June 6, 2023 • Athletic AdministrationCoaching

Keeping the ‘stud’ in student-athletes

As student-athletes returned to campuses in August 2020, many stakeholders had questions and concerns regarding the loss of student learning and the impact the pandemic would have on the students academically, socially, and emotionally. While I think these concerns were necessary, I think we should have asked another important question: how did isolation and months off from school affect students’ work ethic? 

Every time we go out to eat, we see the “Please Be Patient: Short-Staffed” signs at restaurants. Restaurants, shipping companies, manufacturers, and retailers all face the same challenges: there are not enough people with a strong enough work ethic to show up and work. And no one will ever forget the job board at Coaching School for the past two years. Schools are facing the same issues. Students don’t want to work. They cheat not to get ahead but to save time. We think the pandemic caused gaps in learning; the reality is that the pandemic was the catalyst for a weak will. The pandemic is easy to blame, but in an age of a “growth mindset,” this is a copout. We build strong wills in athletics by repetition and patience, by extrinsic and intrinsic rewards and consequences. Our schools are our best defense against weak wills, but it is hard to know how to push students beyond their wills. 

nflInstead of placing blame, we must utilize the resources that are readily available in our schools. The difference between students and the rest of society is one thing: coaches. We all know the effects of losing kids to grades. What are we as coaches doing to combat it? If there isn’t a plan in place, we are already behind the eight ball. 

Our influence stretches far beyond our time with student-athletes on the field. We need to do our best to make sure that influence is going into the classroom with our student-athletes. There is not a one-size-fits-all solution; just things we have used to help keep our kids on the field.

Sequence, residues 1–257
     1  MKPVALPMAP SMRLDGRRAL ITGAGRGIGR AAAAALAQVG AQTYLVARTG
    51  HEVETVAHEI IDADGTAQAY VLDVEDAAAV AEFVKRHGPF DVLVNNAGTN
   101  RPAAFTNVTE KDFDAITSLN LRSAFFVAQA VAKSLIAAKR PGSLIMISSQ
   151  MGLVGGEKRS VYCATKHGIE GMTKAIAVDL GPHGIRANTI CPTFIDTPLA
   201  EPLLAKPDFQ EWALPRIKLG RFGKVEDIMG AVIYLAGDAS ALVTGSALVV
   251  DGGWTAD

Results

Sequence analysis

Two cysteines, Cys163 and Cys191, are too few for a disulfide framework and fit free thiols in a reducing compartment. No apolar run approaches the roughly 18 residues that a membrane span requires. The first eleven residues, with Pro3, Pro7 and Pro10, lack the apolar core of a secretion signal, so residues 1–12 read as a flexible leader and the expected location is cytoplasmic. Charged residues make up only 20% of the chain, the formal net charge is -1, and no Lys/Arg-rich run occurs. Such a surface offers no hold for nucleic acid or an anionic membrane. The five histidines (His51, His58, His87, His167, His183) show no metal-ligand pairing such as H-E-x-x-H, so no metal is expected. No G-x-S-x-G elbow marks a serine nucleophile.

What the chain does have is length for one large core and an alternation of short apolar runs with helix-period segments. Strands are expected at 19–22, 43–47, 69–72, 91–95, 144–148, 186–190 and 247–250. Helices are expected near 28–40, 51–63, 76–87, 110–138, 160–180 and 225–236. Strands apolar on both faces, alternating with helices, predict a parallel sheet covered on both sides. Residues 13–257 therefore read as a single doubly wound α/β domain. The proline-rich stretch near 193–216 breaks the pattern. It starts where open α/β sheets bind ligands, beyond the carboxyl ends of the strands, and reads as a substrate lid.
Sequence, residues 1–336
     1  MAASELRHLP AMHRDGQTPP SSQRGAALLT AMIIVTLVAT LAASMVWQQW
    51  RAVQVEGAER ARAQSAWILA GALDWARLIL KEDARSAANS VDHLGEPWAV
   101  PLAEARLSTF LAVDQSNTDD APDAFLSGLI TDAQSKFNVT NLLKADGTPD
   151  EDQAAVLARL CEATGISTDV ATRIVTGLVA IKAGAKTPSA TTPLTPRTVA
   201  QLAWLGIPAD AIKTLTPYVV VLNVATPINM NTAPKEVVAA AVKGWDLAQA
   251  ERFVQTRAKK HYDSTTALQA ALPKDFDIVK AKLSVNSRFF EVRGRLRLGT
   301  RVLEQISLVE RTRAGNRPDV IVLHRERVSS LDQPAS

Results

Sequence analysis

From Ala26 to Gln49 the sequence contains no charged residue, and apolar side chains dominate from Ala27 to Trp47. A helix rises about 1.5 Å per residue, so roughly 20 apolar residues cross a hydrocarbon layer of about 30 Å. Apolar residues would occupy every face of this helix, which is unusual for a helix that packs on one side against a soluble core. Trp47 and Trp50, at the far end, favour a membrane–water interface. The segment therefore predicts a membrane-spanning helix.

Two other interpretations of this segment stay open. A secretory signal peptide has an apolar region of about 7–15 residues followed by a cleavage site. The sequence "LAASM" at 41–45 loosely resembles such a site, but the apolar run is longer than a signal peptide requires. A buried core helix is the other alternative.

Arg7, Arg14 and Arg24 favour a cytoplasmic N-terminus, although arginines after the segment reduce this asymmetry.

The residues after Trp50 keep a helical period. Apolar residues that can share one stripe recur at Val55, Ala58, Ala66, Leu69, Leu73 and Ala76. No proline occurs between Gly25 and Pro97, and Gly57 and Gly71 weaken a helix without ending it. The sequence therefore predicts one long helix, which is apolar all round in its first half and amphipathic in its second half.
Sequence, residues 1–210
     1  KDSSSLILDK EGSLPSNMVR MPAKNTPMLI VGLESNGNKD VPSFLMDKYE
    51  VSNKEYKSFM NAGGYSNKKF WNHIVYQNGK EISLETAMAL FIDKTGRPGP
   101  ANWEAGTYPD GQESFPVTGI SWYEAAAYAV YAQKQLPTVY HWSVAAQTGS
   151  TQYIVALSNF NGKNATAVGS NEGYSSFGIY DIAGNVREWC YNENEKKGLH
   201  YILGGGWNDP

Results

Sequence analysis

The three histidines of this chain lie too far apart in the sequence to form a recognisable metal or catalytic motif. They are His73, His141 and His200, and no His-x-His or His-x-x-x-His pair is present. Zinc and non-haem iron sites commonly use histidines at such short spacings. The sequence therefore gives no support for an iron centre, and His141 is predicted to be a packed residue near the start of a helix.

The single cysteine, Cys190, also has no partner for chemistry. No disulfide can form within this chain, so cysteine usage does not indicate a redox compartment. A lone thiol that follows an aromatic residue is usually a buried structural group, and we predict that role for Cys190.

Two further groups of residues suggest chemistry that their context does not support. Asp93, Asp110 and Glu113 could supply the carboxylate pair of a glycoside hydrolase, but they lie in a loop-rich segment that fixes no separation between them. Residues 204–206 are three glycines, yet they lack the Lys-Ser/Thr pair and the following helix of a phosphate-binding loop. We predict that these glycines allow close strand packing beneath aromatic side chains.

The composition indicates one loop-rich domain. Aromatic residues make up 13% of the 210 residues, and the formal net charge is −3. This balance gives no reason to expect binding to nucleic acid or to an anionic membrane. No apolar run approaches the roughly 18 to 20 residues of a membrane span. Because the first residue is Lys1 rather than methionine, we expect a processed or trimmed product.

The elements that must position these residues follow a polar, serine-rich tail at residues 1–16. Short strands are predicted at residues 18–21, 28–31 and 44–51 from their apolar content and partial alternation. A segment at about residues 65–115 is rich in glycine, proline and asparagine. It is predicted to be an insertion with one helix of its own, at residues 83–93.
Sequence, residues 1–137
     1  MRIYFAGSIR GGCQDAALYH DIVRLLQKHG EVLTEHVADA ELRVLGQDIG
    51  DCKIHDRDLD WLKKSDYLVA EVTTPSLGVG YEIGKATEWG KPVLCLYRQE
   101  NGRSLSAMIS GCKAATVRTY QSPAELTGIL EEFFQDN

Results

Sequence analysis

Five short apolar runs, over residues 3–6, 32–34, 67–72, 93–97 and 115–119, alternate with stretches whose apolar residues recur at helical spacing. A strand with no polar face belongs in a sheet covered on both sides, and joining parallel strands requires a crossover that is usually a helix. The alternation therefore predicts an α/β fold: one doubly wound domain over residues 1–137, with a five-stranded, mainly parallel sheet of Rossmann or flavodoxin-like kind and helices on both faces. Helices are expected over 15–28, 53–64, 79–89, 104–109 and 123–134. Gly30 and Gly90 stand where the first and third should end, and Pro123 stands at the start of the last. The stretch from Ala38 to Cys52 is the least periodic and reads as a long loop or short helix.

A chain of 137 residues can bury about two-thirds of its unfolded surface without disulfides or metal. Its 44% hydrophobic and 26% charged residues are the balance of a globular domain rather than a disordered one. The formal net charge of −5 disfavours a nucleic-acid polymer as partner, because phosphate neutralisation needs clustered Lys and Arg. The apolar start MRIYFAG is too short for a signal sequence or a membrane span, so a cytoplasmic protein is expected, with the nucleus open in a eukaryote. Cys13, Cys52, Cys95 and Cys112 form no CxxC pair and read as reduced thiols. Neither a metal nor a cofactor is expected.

Before discussing the different strategies we use to keep our kids eligible, I want to briefly talk about what the job of academic coordinator entails at Tioga High School. I am blessed to have a period after junior high athletics dedicated to focusing on high school boys’ academics. For the most part, the time is used to check each athlete’s grades. I’m able to see each specific grade along with their individual assignment grades, so once they get to practice, I can have a report created specifically for each kid.

I also serve as a liaison between the coaching staff and the other teachers and administration in the building. I communicate weekly with teachers about our student-athletes, and with their feedback, report back to the coaches and student-athletes. They do an excellent job of informing me about any student that may be struggling with specific areas in their class. More importantly, they celebrate our kids and brag about them when they are showing improvement and performing well. That culture is a credit to our high school principal, Keith Kirkland. He and our athletic director Chad Rogers have done a great job of changing the culture of the school to that of a desire to succeed in every single thing. 


We all have a variety of ways to motivate our student-athletes. This is one of the easiest things to do as a coach. Whether it’s negative or positive reinforcement, student-athletes tend to respond and make changes. These motivation tactics can be either extrinsic or intrinsic, but as we all know, the more intrinsically motivated a kid can become, the better. Over the past two years, we have had three different failures during the year, with two of those failures being the same kid. While a 100% passing rate is the goal, this is a pretty solid number of kids who are passing. Here are some of the things we do that we feel have allowed us to become more successful.